community pharmacy staff Scotland
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The Pharmacists’ Defence Association (PDA) members survey revealed that the policies made by the pharmacy regulator should be subject to scrutiny by independent external stakeholders.

The survey was in response to the General Pharmaceutical Council’s (GPhC) 12-week consultation on delivering equality, improving diversity and fostering inclusion.

The survey also indicated that the progress of such scrutiny should be regularly monitored and reports be published.

It further suggested that GPhC should set and publish measurable targets like ethnicity pay gap reporting for evaluating its equality, diversity and inclusivity (EDI) strategy.

The GPhC’s draft five-year strategy outlines three themes.

The first target is to make regulatory decisions that are demonstrably fair, lawful, and free from discrimination and bias.

The second is to proactively help tackle discrimination in all pharmacy settings and ensure that everyone gets access to person-centred care.

The third is to lead by example and demonstrate best practice within the organisation.

The three themes have several objectives and proposed outcomes, but do not detail about any tangible measurable outcomes.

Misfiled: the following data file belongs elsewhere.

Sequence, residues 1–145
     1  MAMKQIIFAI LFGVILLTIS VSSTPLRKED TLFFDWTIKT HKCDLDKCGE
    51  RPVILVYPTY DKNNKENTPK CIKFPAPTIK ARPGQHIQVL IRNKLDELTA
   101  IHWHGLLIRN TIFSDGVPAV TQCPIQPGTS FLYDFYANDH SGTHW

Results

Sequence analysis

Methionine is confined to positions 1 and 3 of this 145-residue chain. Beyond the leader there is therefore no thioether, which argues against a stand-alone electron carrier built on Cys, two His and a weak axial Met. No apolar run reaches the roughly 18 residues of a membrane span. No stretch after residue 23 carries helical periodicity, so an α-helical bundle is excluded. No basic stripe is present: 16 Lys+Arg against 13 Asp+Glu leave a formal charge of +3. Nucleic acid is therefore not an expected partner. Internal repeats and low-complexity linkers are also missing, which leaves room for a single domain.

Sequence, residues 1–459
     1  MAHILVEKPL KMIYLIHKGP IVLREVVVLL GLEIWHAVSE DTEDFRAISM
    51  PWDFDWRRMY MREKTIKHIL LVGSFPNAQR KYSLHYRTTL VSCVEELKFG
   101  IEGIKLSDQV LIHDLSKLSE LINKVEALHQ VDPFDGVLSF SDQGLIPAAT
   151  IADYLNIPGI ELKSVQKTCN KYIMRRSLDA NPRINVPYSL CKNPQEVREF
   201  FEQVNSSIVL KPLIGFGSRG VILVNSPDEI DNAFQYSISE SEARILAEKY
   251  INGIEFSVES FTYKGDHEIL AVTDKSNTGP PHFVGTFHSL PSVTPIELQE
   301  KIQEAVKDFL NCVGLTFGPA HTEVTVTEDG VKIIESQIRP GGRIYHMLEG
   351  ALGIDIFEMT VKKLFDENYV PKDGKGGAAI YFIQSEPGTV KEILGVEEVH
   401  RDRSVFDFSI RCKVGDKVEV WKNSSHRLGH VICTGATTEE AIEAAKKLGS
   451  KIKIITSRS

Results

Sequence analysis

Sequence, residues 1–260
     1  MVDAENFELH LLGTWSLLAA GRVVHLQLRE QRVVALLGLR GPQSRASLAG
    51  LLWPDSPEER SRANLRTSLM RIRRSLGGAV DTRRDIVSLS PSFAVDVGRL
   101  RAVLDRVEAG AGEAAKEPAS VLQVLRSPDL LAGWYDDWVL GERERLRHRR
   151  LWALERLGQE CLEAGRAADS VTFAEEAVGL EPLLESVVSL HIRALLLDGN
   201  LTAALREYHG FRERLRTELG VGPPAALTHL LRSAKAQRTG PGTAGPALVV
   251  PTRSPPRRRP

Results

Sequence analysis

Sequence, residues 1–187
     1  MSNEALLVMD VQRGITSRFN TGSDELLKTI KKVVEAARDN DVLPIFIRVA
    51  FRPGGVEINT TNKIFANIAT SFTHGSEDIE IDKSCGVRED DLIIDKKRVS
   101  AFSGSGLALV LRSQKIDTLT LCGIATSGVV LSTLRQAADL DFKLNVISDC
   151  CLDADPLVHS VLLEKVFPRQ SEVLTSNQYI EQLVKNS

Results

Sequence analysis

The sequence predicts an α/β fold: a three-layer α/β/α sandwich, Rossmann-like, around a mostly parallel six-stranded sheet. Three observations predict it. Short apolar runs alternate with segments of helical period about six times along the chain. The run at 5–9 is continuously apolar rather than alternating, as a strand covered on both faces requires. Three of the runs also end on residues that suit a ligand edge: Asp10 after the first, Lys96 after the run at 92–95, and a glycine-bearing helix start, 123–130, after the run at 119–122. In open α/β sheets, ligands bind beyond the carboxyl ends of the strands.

“As we developed our response to this important consultation, we wanted to hear from members what they thought was important to give them confidence and assurance in their regulator’s EDI policies. Clearly, having clear measurable goals and independent scrutiny is a top priority for them,” Alison Jones, director of stakeholder engagement at the PDA said.

She noted that pharmacists often face issues caused by discrimination against them due to their race, gender, disability, or sexual identity.

“It is vitally important that the GPhC has robust EDI policies in place to provide confidence to registrants that their rights are protected, that any decisions made are done so fairly and without discrimination, and that the organisation holds itself accountable to the same high standards that it expects of others,” Jones added.

The GPhC’s consultation closes on July 12.

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